The Legal Fate For Donald Trump's Longtime CFO Allen Weisselberg Is Finally Clear

When Donald Trump became the presidential nominee in 2016, USA Today reported that he and/or the Trump Organization had been involved in some 3,500 lawsuits — an amount that no other presidential nominee had come close to. By announcing his candidacy for a 2024 run in November 2022, Trump has now beaten his previous record with a number of additional lawsuits filed against him in recent years, per The Guardian.

There's also ongoing wonder as to what future charges Trump may face. He could be criminally charged in Fulton County, Georgia over trying to get the 2020 election results flipped there, as reported by Vanity Fair. The January 6 committee in the House of Representatives proposed four criminal charges that the Department of Justice could/should pursue against Trump for his actions after losing the 2020 election and in connection with the January 6 riot at the Capitol (via BBC). 

And those in Trump's orbit have also been facing various charges, including two companies within the Trump Organization who were found guilty by a jury in Manhattan of criminal tax fraud, according to CNN. One of the major players within that scheme was former Trump Organization CFO Allen Weisselberg, and he's now been sentenced by a judge to time behind bars.

Allen Weisselberg is sentenced to 5 months in jail

Allen Weisselberg pled guilty in August 2022 to 15 crimes after having been charged a year before, and a judge has sentenced him to five months in jail and five years probation, as reported by CNN. His guilty plea came as a part of a deal for working with the prosecution during the trial that included him paying $2 million in penalties and back taxes; the charges were all related to tax fraud.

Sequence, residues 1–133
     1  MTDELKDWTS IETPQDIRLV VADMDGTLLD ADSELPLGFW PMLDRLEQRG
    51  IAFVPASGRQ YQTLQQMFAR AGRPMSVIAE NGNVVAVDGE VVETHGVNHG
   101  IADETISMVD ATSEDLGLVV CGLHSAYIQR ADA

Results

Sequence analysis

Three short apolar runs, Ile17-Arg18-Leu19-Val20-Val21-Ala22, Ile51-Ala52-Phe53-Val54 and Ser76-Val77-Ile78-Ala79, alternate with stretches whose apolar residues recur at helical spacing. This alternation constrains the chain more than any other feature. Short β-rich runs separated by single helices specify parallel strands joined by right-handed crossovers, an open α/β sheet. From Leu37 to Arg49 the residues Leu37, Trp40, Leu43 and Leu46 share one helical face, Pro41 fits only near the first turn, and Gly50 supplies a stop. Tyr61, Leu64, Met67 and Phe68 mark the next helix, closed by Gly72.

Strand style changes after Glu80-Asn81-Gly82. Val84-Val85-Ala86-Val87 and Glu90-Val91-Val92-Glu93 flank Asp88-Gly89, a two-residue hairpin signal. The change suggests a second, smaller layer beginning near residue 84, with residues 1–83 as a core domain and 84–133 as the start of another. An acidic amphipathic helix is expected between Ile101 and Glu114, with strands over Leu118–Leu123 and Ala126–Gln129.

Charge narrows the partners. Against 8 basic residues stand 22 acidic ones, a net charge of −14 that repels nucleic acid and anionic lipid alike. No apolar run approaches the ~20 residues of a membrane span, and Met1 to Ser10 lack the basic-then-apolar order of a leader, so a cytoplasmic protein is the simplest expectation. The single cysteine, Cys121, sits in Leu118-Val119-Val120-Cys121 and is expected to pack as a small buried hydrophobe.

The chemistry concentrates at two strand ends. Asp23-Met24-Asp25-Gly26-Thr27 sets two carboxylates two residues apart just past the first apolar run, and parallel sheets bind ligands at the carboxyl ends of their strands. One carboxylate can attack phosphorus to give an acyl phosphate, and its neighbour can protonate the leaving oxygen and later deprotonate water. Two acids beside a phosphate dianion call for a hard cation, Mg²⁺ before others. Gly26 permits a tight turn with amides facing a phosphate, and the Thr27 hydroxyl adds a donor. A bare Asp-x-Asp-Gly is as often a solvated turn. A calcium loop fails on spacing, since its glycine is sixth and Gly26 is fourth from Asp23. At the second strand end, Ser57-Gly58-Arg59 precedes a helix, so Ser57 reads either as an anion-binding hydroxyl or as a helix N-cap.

In a statement, Manhattan District Attorney Alvin Bragg explained that the tax fraud had gone on for more than a decade and throughout that time, Weisselberg skipped out on paying taxes on $1.76 million that he'd earned while at the Trump Organization, and wrote that he "used his high-level position to secure lavish work perks such as a rent-free luxury Manhattan apartment, multiple Mercedes Benz automobiles and private school tuition for his grandchildren — all without paying required taxes." His time will be served at Rikers Island, and he could get out a couple of months early with good behavior, according to the NY Daily News.

Allen Weisselberg started working for the Trump family decades ago

Allen Weisselberg first started working for Donald Trump's father in 1973 and rose through the ranks to become the Trump Organization's CFO (via USA Today). In his testimony at the tax fraud trial, Weisselberg revealed that Trump, or one of his sons, were direct signers of the checks that Weisselberg used to pay for private school for his grandkids. In exchange for those checks, his salary was slashed by the same amount, per CBS News. Though he did deny that the Trump family had anything to do with initiating the tax fraud situation, he also discussed how he wasn't the only beneficiary of the scheme; other executives and the company as a whole reaped benefits from the setup for years, according to The New York Times.

Some people on Twitter are reacting angrily to the sentencing, saying that it was too light. One tweeted "5 months in jail for 15 felonies!? Don't tell me there aren't two different Justice systems in America." And some think that Weisselberg's sentencing portends Trump's potential fate.